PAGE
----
Thus, there is a need for a fully self-contained endoscope that is not tethered to an external light and/or power source and that can withstand multiple uses and cleanings while maintaining the integrity of the liquid sensitive components of the endoscope.
The present invention provides an endoscope having a shaft and a handle that are liquid and gas impermeable, having inside the handle an internal solid-state light source and a further internal sealed compartment that is liquid impermeable and gas permeable and that contains at least one battery and a light source control circuit that provides continuous control of the light intensity produced by the internal solid-state light source.
In preferred embodiments, the invention provides an endoscope having a proximal end and a distal end comprising an elongated shaft at the distal end that is connected to an endoscope handle at the proximal end of the endoscope, the endoscope handle having a proximal end and a distal end and an exterior, an interior, and a longitudinal axis, wherein the shaft and the endoscope handle are sealed to be liquid and gas impermeable; optical components located at or near the proximal end of the endoscope handle; a solid-state light source contained within the interior of the endoscope handle; and a sealed compartment contained within the interior of the endoscope handle, wherein the sealed compartment contains at least one battery that powers a light source control circuit electrically connected to the solid-state light source. Typically, the optical components include an eyepiece, a still camera or a video camera. In preferred embodiments, the eyepiece is interchangeable with a still camera or a video camera. In other embodiments, a capacitor can be used in place of a battery to store energy, and then discharged to power the light source and electronics.
In other preferred embodiments, the present invention provides an immersible endoscope having a proximal end and a distal end comprising an elongated shaft at the distal end connected to an endoscope handle at the proximal end that has a exterior and an interior, wherein the shaft and the endoscope handle are sealed to be liquid and gas impermeable; a solid-state light source contained within the interior of the endoscope handle; and a liquid impermeable and gas permeable sealed compartment that is contained within the interior of the endoscope handle, wherein the sealed compartment contains at least one battery that powers a light source control circuit electrically connected to the solid-state light source, wherein the light intensity produced by the internal solid-state light source can be continuously varied. In preferred embodiments, the solid-state light source is a light emitting diode, more preferably a high power light emitting diode. Preferably the light source control circuit includes a linear Hall-effect sensor.
In further embodiments, the immersible endoscope has a proximal end and a distal end comprising an elongated shaft at the distal end connected to an endoscope handle at the proximal end of the immersible endoscope, the endoscope handle having a proximal end and a distal end and an exterior, an interior, and a longitudinal axis, wherein the shaft and the endoscope handle are sealed to be liquid and gas impermeable; imaging components located at or near the proximal end of the endoscope handle; a solid-state light source contained within the interior of the endoscope handle; and a sealed compartment contained within the interior of the endoscope handle that is oriented transversely to the longitudinal axis of the endoscope handle, wherein the sealed compartment has at least one liquid impermeable and gas permeable vent and contains at least one rechargeable battery that powers a light source control circuit electrically connected to the light emitting diode. Typical imaging components include an eyepiece, a still camera or a video camera. Preferably, the light produced by the internal solid-state light source can be continuously varied in intensity. Typically the light source control circuits include a linear Hall-effect sensor. Optimally, the sealed compartment is at least partially surrounded by a movable structure, such as an articulation drum.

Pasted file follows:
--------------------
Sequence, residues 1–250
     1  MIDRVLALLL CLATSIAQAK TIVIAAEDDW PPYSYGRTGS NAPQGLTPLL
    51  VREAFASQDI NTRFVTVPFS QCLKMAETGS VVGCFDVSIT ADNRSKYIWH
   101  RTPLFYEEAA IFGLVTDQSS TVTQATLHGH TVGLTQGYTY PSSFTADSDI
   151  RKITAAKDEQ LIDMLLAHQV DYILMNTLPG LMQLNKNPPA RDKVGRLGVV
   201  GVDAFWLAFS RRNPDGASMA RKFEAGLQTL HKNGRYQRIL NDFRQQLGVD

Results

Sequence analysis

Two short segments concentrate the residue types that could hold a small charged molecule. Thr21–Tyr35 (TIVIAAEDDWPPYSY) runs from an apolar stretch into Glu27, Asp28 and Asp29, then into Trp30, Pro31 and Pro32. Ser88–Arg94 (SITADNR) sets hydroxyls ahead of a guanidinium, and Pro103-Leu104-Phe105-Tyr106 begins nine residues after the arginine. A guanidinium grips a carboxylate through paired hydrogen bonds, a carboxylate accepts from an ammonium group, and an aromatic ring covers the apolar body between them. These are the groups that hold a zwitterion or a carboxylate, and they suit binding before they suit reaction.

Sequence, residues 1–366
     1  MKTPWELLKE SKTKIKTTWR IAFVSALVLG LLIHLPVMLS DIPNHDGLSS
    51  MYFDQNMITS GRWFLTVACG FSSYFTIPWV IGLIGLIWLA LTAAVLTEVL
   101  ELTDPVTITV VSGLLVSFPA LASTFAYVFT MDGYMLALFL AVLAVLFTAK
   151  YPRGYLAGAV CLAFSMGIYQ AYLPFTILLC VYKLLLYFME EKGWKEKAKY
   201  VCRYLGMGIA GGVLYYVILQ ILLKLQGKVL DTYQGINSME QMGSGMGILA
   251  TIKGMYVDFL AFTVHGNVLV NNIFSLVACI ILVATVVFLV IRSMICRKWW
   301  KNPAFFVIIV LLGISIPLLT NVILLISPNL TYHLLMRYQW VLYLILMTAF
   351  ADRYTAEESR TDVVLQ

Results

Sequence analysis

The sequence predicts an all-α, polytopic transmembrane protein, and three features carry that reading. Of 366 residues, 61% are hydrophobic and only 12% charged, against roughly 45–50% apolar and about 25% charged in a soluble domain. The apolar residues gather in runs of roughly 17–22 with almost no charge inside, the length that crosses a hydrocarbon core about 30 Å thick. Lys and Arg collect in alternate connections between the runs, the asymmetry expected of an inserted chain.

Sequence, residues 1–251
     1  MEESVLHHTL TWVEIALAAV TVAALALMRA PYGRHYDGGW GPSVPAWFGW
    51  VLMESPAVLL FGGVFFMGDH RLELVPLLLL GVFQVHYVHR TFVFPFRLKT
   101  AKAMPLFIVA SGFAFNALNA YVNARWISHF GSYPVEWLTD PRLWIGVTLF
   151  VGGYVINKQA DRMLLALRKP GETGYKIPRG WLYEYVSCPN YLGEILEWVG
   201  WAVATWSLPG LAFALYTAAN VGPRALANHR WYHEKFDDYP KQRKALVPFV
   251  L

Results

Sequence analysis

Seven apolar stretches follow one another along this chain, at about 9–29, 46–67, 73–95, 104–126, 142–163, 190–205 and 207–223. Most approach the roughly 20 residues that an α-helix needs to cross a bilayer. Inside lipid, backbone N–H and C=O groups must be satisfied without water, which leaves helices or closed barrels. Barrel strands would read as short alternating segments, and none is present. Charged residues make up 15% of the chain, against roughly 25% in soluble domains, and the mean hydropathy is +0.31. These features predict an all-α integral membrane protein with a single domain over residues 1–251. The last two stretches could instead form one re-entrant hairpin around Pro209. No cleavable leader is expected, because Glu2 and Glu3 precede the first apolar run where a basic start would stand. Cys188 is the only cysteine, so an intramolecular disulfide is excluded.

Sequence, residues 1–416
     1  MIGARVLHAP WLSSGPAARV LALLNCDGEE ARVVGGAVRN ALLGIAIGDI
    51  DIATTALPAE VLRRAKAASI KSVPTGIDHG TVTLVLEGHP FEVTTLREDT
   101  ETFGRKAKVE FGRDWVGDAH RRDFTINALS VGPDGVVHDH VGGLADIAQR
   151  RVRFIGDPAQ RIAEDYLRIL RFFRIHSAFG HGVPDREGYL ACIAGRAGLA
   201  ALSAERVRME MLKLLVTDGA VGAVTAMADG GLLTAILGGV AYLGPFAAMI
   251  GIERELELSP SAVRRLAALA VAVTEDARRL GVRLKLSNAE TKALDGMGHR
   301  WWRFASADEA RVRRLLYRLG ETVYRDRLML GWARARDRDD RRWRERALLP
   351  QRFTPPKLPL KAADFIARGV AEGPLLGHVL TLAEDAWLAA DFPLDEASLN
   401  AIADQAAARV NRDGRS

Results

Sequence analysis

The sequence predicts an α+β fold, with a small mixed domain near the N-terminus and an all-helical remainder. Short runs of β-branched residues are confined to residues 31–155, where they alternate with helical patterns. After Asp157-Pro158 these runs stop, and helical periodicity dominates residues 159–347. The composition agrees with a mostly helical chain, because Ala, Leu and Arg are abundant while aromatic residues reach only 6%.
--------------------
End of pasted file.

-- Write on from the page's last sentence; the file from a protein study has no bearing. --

In yet further embodiments, the endoscope has an elongated shaft at the distal end connected to an endoscope handle at the proximal end of the immersible endoscope, the endoscope handle having a proximal end and a distal end and an exterior, an interior, and a longitudinal axis, wherein the shaft and the endoscope handle are sealed to be liquid and gas impermeable; imaging components located at or near the proximal end of the endoscope handle; a light emitting diode contained within the interior of the endoscope handle; and a sealed compartment contained within the interior of the endoscope handle and oriented transversely to the longitudinal axis of the endoscope handle, wherein the sealed compartment contains at least one rechargeable battery that powers a light source control circuit electrically connected to the light emitting diode. Preferably the light emitting diode is in thermal communication with an internal frame of the endoscope handle.